Edible garden: Weeds worth keeping

By Janice Marriott

Janice Marriott welcomes weeds, but not all of them.

Instead of taking a knife to weeds like coriander and parsley, let them grow out as they can be used to create splendid salads and dishes. Photo / Thinkstock
Instead of taking a knife to weeds like coriander and parsley, let them grow out as they can be used to create splendid salads and dishes. Photo / Thinkstock

My garden isn't perfect. It hosts the occasional unwanted overstayer; wandering willie, convolvulus, oxalis, and grasses.

The main weeds now, however, are coriander, borage, nasturtiums and honeywort. I pull some of them out but not all of them. You can never have too much coriander. It tastes good, root, stem and leaf. I use the seeds too, roasted and ground. Borage, meanwhile, attracts bees to pollinate the crops. Its delicate blue flowers are pretty in salads or frozen in ice blocks.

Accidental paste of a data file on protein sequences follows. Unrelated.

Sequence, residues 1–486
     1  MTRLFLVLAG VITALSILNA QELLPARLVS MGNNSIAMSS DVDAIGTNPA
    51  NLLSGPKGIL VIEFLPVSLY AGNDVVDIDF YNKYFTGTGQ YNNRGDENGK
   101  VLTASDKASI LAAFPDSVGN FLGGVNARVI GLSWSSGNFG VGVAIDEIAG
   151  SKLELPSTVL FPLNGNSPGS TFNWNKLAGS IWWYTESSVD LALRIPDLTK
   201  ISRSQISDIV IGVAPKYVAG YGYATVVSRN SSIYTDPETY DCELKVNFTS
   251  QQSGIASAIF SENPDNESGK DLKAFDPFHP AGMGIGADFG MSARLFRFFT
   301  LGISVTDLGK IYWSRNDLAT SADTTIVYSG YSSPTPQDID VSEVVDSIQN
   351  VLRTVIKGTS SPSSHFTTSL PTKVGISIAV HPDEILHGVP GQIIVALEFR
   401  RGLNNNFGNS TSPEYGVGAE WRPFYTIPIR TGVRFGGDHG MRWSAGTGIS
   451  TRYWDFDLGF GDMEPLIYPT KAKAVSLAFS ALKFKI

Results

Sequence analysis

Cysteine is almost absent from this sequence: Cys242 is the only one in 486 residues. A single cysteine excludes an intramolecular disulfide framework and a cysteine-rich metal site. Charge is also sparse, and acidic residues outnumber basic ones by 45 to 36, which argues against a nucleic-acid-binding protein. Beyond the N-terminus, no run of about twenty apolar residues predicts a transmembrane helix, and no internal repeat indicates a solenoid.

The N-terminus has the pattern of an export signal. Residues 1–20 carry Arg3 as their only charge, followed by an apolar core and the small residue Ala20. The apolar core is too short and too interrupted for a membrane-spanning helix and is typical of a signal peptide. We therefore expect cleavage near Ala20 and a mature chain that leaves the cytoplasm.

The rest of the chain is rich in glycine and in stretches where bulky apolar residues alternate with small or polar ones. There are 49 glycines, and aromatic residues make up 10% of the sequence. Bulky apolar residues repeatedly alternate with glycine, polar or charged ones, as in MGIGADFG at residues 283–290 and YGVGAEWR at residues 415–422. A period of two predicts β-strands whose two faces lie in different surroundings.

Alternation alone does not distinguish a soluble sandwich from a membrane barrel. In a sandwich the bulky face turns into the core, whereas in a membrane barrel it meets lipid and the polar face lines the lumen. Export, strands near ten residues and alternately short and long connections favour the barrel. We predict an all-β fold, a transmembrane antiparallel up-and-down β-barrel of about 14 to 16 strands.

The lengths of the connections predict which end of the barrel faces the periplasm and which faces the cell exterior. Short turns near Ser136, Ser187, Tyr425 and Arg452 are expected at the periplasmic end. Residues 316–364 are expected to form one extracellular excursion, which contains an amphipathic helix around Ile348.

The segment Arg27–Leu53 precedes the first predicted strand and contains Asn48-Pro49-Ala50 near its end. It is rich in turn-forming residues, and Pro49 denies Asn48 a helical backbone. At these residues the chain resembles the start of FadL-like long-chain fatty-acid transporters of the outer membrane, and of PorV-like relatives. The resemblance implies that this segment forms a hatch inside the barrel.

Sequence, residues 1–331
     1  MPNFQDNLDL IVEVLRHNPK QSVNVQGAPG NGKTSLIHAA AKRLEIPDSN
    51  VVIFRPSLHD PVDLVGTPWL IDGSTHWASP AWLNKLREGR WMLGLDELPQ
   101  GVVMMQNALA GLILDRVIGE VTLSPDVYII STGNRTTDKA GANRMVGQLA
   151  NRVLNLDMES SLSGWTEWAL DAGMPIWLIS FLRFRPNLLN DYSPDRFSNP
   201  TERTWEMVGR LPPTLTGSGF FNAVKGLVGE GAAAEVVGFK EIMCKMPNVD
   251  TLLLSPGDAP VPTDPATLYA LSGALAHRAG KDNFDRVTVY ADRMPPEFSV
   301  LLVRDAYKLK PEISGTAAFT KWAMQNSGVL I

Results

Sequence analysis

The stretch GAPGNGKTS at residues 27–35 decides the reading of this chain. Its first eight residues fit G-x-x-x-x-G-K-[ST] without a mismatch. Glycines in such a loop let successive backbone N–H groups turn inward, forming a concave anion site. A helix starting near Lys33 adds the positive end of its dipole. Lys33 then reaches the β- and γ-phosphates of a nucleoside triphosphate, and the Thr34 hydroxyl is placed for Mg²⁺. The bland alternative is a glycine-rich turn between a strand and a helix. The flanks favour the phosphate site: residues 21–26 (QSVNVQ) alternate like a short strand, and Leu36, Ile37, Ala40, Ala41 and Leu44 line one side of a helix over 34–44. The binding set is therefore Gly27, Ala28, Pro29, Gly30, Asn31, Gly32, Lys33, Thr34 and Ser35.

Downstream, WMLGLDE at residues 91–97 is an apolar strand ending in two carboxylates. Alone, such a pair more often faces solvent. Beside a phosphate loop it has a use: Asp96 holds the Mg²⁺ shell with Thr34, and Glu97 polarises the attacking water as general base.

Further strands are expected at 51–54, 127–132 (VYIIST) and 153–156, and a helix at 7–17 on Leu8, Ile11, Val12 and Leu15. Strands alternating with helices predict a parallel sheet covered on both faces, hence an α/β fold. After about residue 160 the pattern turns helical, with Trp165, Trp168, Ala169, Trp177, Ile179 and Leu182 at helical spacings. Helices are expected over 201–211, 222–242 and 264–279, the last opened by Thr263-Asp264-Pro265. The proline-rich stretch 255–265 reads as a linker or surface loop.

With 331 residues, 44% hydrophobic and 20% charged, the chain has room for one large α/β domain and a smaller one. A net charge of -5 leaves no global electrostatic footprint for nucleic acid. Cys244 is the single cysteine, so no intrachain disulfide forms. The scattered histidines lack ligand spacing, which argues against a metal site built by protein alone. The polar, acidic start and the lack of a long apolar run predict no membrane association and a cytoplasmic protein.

Nasturtium leaves a peppery taste in salads. Honeywort has an elegant blue and purple flower and my peas climb up them before they find the strings they are meant to use.

If a dandelion appears, the young leaves provide that slightly bitter taste for salads. Creeping thyme moves through the garden, as does oregano. I keep them in check by trimming them for pesto and pizza. Heirloom lettuces, parsley, fennel, rocket and dill self-seed easily, too. Any of these prolific plants cover bare patches after I've picked a cabbage or lettuce to eat. They are easy to pull out. They are welcome weeds.

- NZ Herald

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